Press Release

First Senate Hearing on Nevada Workplace Violence Prevention Bill

Nurses outside Nevada legislature

Health Care Workers Facing Epidemic of Violence Demand Protections

Health care workers with National Nurses Organizing Committee-Nevada/National Nurses United (NNOC/NNU) and Service Employees International Union (SEIU) Local 1107 will appear before Nevada senators on Friday, May 3, 2019 to call for the passage of the state’s first workplace violence prevention bill, A.B. 348. The measure was overwhelming passed by the Nevada Assembly last month.

“Nurses and health care workers live with the threat of violence every day,” said Christy Tolotti, an emergency room nurse in Las Vegas. Last year, Tolotti was on duty when a hospital tech was stabbed by an agitated patient. Tolotti saw the stabbing on a surveillance camera and then ran to help. “I found the tech and he was pale and going into shock. He was on the phone calling in the emergency and trying to control his bleeding. All the while, the patient was right behind me yelling and screaming and waving the knife. Our hospital was not prepared for such an incident. If the tech had had a personal alarm perhaps he would not have been so seriously injured. We need A.B. 348 to require our employers to keep health care workers and patients safe.”

  • What: Hearing on Nevada workplace violence prevention bill, A.B. 348
  • When: Friday, May 3 -- 1:30 p.m.
  • Where: Room 2135 - Legislative Building, 401 S. Carson St., Carson City, Nevada

    The hearing will also be video-conferenced to Room 4401 of the Grant Sawyer State Office Building, 555 E. Washington Ave., Las Vegas, Nevada

    Nurses will available for interviews in both locations.

A.B. 348, introduced by Nevada Assemblymember Michelle Gorelow, would require health care employers to create comprehensive workplace violence prevention plans and track violent incidents in hospitals and other medical facilities.

Health care workers and registered nurses routinely face violence on the job. That violence takes many forms, from being spat on, punched, verbally threatened, scratched and slapped to much more serious acts. In fact, 58 hospital workers died as a result of violence in their workplace between 2011 and 2016, according to the Bureau of Labor Statistics. The BLS also found that RNs in the private sector experienced violence-related injuries at a rate four times higher than any other industry in 2017.

"Health care workers across Nevada are facing a disproportionate amount of violence at work,” said Zavia Norman, a respiratory therapist and vice-president of healthcare for SEIU 1107. “A.B. 348 would involve all health care workers, nurses, nursing aides, and other staff in the creation of prevention plans. The bill makes sense and will lead to meaningful solutions."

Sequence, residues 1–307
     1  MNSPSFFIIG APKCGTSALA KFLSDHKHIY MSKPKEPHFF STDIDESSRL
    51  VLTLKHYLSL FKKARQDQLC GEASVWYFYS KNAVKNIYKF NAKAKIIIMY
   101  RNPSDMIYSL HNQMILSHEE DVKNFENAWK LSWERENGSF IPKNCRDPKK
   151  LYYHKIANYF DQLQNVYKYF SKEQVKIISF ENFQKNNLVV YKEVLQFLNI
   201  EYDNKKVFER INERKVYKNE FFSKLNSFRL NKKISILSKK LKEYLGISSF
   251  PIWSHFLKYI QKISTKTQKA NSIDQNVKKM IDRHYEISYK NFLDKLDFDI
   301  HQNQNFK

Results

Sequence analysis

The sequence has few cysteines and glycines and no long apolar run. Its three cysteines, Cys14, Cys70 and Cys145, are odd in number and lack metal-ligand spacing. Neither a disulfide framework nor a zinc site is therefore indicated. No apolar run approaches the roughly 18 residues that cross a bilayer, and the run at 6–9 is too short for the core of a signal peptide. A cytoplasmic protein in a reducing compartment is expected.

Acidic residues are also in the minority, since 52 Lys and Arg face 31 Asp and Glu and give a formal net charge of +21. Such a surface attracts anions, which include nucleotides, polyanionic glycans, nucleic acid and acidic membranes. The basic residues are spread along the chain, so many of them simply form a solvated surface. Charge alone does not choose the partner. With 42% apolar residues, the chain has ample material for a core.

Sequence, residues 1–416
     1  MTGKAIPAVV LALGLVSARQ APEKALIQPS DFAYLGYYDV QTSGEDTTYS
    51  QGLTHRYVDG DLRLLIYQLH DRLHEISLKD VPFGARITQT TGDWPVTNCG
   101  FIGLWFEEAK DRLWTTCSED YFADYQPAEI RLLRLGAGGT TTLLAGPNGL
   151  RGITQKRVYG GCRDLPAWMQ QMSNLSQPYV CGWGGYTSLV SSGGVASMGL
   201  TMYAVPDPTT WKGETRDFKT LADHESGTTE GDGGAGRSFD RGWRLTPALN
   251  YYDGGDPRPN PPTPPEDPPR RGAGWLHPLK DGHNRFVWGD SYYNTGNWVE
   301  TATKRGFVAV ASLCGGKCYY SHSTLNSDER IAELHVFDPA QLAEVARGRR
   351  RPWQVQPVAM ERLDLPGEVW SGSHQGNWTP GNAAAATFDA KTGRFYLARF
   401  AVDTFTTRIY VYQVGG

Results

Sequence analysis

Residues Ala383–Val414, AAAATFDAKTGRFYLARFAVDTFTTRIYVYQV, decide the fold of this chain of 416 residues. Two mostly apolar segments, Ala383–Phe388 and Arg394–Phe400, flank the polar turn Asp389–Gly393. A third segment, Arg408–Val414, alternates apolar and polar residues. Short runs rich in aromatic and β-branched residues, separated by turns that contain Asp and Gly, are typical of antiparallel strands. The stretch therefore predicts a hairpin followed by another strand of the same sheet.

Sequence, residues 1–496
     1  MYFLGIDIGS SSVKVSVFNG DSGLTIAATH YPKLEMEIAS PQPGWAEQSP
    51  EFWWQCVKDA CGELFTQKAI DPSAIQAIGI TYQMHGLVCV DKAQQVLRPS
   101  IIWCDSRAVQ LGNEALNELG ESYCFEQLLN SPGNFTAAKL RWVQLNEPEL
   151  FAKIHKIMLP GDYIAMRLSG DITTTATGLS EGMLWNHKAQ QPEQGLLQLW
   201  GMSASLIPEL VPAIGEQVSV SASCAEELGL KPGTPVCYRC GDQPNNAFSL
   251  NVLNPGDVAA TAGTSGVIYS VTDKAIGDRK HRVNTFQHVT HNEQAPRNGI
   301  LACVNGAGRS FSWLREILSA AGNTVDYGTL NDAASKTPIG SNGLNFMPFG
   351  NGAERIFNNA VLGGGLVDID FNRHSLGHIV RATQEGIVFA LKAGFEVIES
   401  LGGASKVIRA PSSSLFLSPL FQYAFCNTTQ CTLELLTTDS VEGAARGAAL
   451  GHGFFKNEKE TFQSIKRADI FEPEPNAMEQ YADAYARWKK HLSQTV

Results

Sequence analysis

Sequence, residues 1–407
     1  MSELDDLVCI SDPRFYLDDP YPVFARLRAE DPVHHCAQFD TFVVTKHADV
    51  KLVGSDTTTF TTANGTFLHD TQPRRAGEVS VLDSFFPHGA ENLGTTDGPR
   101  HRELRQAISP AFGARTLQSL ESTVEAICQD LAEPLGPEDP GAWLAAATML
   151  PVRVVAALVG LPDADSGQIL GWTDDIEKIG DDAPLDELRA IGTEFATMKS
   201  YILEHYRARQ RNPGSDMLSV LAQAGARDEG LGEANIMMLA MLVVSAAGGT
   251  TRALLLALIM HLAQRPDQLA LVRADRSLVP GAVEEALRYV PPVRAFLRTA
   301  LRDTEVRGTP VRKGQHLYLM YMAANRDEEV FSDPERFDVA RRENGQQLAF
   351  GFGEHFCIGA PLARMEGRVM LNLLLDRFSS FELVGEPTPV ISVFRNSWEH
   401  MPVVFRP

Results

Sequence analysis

Studies have shown that the frequency and severity of violent attacks can be drastically reduced through comprehensive workplace violence prevention plans.

A.B. 348 is sponsored by Nevada health care unions NNOC/NNU and SEIU Local 1107. The bill has also been endorsed by the Nevada state AFL-CIO.

Highlights of the Workplace Violence Prevention Bill -- A.B. 348

  • It creates a Nevada OSHA standard to require health care employers to create comprehensive workplace violence prevention plans.
  • The definition of workplace violence must include any act of violence or threats of violence, regardless of whether an employee was injured.
  • The plans must be unit specific and created in collaboration between employers and employees.
  • The plans must delineate how employers will implement appropriate and effective prevention measures such as staffing, security response, alarms, sufficient lighting, and other measures.
  • The plans must include procedures for employees to report all incidents of workplace violence without fear of reprisal.
  • Employers must provide effective training programs, including hands on de-escalation training for all employees with patient contact.
  • The bill requires that health care employers keep records of all workplace violence incidents and report certain incidents to the Department of Industrial Relations.

NNOC/NNU represents more than 2,000 registered nurses in Nevada and, with 155,000 members, it is the largest union and professional association representing RNs in the United States.